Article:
A professor friend of mine, from a University in another state, recently lamented to me the undue pressure his graduate students felt in granting favors to their professors. On the side of the professors, they were warned not to make their students feel obligated to do their bidding and have said that the students offer to baby-sit, house sit and pick up dry cleaning. Of course this is after said teachers have mentioned that they have an unfulfilled need, just in passing, not as a request of course. Give me a break. My friend feels that his fellow professors are abusing their influence over their students. He felt it just wasn’t right. I felt like I was gathering information for a future “Character Counts” story. No, we agreed after more discussion, it was more than that. More like “Integrity” should have counted when consciously choosing to exert influence.
I did not think much more on this right away. But a series of events followed that made me re-think the issue. The first was our own headlines on Condit (53 year old, congressman) and Levy (24 year old, intern). I never thought that their affair was any more, well, decent than Clinton’s with Lewinsky was. The common denominator besides the two young female interns? Both politicians unwittingly, or wittingly as you may see it, used their influence to gain access to these, and other, women.
When you see me around town proudly sporting my crisp navy blue Coffee Kiosk T-shirt you might assume that I used my influence to get it for free. And you know what? You’d be 100% correct! I wrote a column, okay maybe it was about five columns, about my favorite coffee drive through and the owner rewarded me once with a blended mocha and the T-shirt. Am I guilty of using my influence for a freebie? You bet I am! In fact, with my less than shady character, I figure I’m due for another freebie after this! But in all honesty, no matter how slight the infraction may seem, it ain’t right!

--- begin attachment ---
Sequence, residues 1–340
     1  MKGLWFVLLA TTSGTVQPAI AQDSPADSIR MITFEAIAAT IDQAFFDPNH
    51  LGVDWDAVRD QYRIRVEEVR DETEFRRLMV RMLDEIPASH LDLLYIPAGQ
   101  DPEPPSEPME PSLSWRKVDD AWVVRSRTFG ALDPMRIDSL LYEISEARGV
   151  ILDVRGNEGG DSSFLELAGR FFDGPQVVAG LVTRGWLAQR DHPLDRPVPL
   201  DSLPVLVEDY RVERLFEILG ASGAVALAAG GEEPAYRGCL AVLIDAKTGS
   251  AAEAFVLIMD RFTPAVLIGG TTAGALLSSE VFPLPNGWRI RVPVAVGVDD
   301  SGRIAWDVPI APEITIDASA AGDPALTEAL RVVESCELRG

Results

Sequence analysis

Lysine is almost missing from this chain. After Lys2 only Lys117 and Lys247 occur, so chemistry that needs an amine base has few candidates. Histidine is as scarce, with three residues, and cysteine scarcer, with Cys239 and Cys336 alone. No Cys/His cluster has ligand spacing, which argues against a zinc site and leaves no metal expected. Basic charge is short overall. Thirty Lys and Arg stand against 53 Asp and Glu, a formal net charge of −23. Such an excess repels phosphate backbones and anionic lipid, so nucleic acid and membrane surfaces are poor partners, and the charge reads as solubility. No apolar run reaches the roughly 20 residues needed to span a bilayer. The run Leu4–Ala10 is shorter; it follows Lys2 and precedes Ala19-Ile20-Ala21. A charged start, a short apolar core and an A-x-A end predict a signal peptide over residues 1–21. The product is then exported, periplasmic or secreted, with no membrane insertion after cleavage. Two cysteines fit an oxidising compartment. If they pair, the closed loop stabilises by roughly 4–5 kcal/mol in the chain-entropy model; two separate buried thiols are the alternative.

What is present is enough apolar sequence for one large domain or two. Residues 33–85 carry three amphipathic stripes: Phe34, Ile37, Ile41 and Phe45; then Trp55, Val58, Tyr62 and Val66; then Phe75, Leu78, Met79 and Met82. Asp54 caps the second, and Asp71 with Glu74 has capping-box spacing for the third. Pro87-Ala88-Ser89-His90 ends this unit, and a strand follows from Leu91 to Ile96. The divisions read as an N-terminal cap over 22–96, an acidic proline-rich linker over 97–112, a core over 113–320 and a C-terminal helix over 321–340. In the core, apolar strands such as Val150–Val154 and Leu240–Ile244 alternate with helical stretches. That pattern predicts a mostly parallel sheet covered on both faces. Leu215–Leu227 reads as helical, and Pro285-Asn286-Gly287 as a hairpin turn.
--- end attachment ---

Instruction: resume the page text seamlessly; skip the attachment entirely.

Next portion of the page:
Which finally brings me to this past weekend’s events. I had to accompany Eddie to a baseball game he was playing out of town because his secretary, The Mighty Herlinda, had planned the event. (Of course I did wear sandals and a large floppy sun hat so that no one would dare ask me to play too.) When I saw Herl hand over $60, $30 for each team, to play this one time, I was flabbergasted!
I admit I haven’t researched this but I know that all I have to do is to call our local Parks and Recreation department if I want to reserve a particular park for a party. I have to go early and stake out my area but I don’t have to PAY for it. I realize that reserving a baseball diamond is different, especially if you play in a league all season, but did this $30 per team charge also apply to the father playing against his son in the adjacent field? And the question of a refund if we left the field as clean as we found it was answered with an unequivocal no! So maybe instilling a fee is up to each city to decide but it sure sounded like the Parks and Recreation department of this particular city was using a little influence of their own in charging for something that was widely available elsewhere. And elsewhere happened to be, in this case, fifty yards away!